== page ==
WFMN Interns and Fellows
Interns and Fellows

Funding the Pipeline for Women of Color in Philanthropy

Philanthropy, nonprofits, and communities benefit when women of color are represented in leadership. Recognizing the need for more women of color in philanthropy and nonprofit leadership and development, WFMN launched its Fellowship and Internship Program in 2002. The Reatha Clark King Fellowship and the Wenda Weekes Moore Internship Program are our innovative initiatives to build a pipeline of women of color leaders in philanthropy.

About the Program

Through the program to date, WFMN has engaged 34 women of color in all aspects of its operations, including evaluation, fundraising, grantmaking, and administration. The program also provides rigorous training and professional development opportunities. Interns and Fellows receive one-on-one mentoring and professional coaching; attend workshops on emotional intelligence, executive presence, and action planning; and attend seminars and local and national philanthropy conferences.

Reatha Clark King and Wenda Weekes Moore
Reatha Clark King and Wenda Weekes Moore
Wenda Weekes Moore Internship

As part of the year-long Wenda Weekes Moore Internship, each intern spends four weeks in the summer at the W.K. Kellogg Foundation in Battle Creek, MI, where Wenda served on the board for 26 years. This opportunity allows the intern to gain mentoring, knowledge, and learning experience from a large, private, family foundation.

Reatha Clark King Fellowship

The Reatha Clark King Fellowship, a two-year paid fellowship, plays a central role in the coordination and management of the Women’s Foundation’s Young Women’s Initiative MN (YWI MN). Named for Reatha Clark King in 2007, the fellow works both independently and collaboratively with Foundation staff and other key partners to plan, manage, and implement activities in program development, research and evaluation, meeting design and coordination, grant and contract management, grant and report writing, and publications and materials development.

Investing in Leadership

Interns & Fellows Graphic
As a result of this program, a majority of our Interns and Fellows have gone on to leadership careers in the nonprofit (64%), philanthropic (9%), and corporate (27%) sectors in the United States and abroad. Seven program participants have also been hired and promoted as WFMN staff.
Cynthia J. Zapata
Meet the Wenda Weekes Moore Intern

Cynthia J. Zapata

Cynthia J. Zapata graduated from St. Olaf College in 2016 as a double major in English and race and ethnic studies. Since graduating, Zapata has worked at Centro Tyrone Guzman in south Minneapolis, and helped manage Jovenes Latinas al Poder!, a group focused on advancing policy, advocacy, and healthy peer-to-peer relationships with young Latinas. In January 2018, she began working in the Office of Governor Mark Dayton as the Correspondence Coordinator. She is a 2016-2017 Amherst Wilder Community Equity Pipeline cohort member, 2017 finalist for the St. Paul Youth Poet Laureate, a WFMN Innovator, and Vice President and Communications Director of WePod. This fall she will begin her Master of Arts in Creative Writing and Publishing at the University of St. Thomas.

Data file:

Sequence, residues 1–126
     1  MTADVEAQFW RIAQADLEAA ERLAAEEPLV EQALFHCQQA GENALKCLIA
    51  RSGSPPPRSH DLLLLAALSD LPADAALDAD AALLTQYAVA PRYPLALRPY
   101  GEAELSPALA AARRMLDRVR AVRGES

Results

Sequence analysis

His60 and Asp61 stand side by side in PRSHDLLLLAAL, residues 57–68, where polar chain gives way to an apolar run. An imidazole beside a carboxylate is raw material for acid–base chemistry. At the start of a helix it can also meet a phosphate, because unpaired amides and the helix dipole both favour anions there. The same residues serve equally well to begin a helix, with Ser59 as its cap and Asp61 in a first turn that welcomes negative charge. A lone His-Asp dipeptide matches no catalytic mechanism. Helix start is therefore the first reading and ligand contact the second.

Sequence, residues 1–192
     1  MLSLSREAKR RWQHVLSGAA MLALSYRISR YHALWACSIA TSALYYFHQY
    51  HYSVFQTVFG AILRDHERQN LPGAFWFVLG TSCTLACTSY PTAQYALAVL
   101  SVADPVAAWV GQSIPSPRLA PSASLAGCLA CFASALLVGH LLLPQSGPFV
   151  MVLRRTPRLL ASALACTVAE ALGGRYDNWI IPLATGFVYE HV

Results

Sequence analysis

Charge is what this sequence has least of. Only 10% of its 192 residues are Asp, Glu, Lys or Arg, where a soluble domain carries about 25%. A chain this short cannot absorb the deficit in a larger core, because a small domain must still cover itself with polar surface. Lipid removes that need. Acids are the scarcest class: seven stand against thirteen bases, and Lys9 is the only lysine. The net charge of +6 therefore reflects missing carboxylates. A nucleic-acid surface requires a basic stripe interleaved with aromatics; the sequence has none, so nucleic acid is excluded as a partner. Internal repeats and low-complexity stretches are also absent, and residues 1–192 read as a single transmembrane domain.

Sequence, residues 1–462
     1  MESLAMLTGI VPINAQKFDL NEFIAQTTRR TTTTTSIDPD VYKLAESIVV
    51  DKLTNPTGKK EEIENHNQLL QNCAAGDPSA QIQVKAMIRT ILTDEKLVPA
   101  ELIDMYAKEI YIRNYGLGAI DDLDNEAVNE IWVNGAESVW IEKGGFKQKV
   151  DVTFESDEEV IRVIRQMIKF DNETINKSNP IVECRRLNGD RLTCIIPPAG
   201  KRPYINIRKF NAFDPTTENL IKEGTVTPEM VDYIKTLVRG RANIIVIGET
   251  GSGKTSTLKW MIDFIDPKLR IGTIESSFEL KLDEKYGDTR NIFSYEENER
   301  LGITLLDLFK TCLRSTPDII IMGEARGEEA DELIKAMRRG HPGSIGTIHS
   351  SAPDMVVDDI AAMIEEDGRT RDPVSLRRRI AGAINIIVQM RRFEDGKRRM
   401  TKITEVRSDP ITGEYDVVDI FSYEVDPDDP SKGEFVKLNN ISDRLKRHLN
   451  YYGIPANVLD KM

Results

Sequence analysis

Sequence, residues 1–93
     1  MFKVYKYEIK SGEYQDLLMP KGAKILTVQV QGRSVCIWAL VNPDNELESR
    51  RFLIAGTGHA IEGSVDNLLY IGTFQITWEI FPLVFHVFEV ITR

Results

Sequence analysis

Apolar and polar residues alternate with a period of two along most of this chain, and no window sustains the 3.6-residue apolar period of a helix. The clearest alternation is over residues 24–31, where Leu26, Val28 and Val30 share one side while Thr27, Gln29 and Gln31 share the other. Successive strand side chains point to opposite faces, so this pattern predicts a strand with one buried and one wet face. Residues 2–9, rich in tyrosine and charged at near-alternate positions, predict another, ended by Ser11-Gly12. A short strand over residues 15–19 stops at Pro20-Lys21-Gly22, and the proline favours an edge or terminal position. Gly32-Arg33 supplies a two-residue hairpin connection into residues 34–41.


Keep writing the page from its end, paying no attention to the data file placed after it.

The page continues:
“As a grantee-partner for two years, and now as a WFMN Innovator, my involvement with the Young Women’s Initiative of Minnesota has opened more opportunities I ever could have could dreamed. I am at a pivotal point in my young career, and the Wenda Weekes Moore Internship will refine and add depth to the skills I have already acquired. I am excited about this year of growth and work with an organization that I admire.”
WFMN Fellow
Meet the 2017-18 Reatha Clark King Fellow

Kalice Allen

Kalice Allen joined the Women’s Foundation of Minnesota in 2016 as the Wenda Weekes Moore Intern, and upon graduation, became the Reatha Clark King Fellow and helped lead the Young Women’s Initiative of Minnesota (YWI MN). She graduated from St. Catherine University with a degree in public health, with concentrations in both community health work and public policy. During her time as an intern, Kalice helped launch YWI MN and shared her own story in a press conference with the Office of the Governor. Announcing this new initiative, Kalice became the first of many young women sharing their stories to drive YWI MN. Kalice’s deep passion and dedication for racial and gender equity extends through both her professional and personal life. She organized and coordinated a delegation to Cuba that focuses on the health and wellbeing of Black women across the African diaspora. She has worked part-time as a doula, and participated in a community co-learning cohort through the Minnesota Department of Health to help combat the high maternal and infant mortality rates across our state. Kalice’s contributions to the Foundation are many. One of her lasting contributions as a fellow is WFMN’s first-of-its-kind grantmaking targeted directly to individuals. Her creativity and skill led to the creation of the WFMN Innovators program, which  granted awards to 20 individuals changing and innovating culture in the state of Minnesota. Kalice will continue to work for gender and racial equity with a career in public health.

“During my time as the Reatha Clark King Fellow, I had the opportunity to engage in eye-opening and transformative systems change, working with national collaboratives, statewide initiatives, and local movements. This experience has reinforced my drive and given me tools to continue my life’s work of racial and gender equity.”